Greg Clark

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Greg Clark is the Conservative MP for Tunbridge Wells. He entered Parliament at the 2005 general election.

He was appointed Minister of State for Cities and Constitution in October 2013, and Minister of State for Universities, Science and Cities in July 2014.

Science Policy

Mr Clark was a panellist in a March 2015 debate on Science and the General Election:

Mr Clark was interviewed by British Science Association in April 2015 in his role as Conservative Party spokesperson for science:


In May 2008 in the abortion amendments to the Human Fertilisation and Embryology Bill (now Act), Greg Clark voted for the abortion time limit to be lowered to 20 weeks against scientific and medical consensus which is currently 24 weeks[1]. After four separate parliamentary votes on varying time limits, the majority of MPs voted to keep the abortion time limit at 24 weeks, in keeping with scientific and medical consensus, hence no abortion amendments were added to the bill.

Mitochondrial Donation

In February 2015 Greg Clark voted in favour of allowing mitochondrial donation, which would allow women who carried mitochondrial diseases to give birth to children who would not inherit the disease[2]. An October 2014 briefing report by the Human Fertilisation and Embryology Authority (HFEA), which had been investigating the issue for three years, stated that there was no evidence to show that mitochondrial donation was unsafe[3]. However, some religious groups had said that such procedures should not be allowed[4]. After clearing both Houses mitochondrial donation is now legal, regulated by the HFEA.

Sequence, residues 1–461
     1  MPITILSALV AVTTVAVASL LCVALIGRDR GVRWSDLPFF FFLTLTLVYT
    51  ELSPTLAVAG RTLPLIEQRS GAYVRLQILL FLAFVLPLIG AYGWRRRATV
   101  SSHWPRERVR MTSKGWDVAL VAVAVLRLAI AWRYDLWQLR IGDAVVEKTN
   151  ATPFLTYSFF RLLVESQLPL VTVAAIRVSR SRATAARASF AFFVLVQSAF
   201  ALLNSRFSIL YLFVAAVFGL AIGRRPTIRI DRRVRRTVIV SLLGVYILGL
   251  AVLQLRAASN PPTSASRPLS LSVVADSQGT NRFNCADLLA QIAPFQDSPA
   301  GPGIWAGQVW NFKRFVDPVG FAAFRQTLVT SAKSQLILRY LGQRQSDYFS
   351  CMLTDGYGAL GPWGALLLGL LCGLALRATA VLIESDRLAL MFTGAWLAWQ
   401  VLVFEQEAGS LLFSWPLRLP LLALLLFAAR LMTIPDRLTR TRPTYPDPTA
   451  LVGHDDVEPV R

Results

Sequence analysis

Dr Clark was one of 206 MPs to sign the March 2007 Early Day Motion 1240 calling for the positive recognition of NHS homeopathic hospitals[5].

Climate Change

In 2006, MPs were asked three questions by the Rough Guide's Mark Ellingham on how seriously they took climate change as politicians and as responsible, active citizens. Greg Clark replied:

"Climate change and our response to it is more than just another concern. Every day hundreds of issues compete for public attention, but only a few emerge from the fray to stand out as compass points on the political map. Climate change needs to be in that category."[6]

Same-Sex Marriage

Greg Clark voted in favour of the Marriage (Same Sex Couples) Bill at both its second reading in February 2013[7] and its third reading in May 2013[8].



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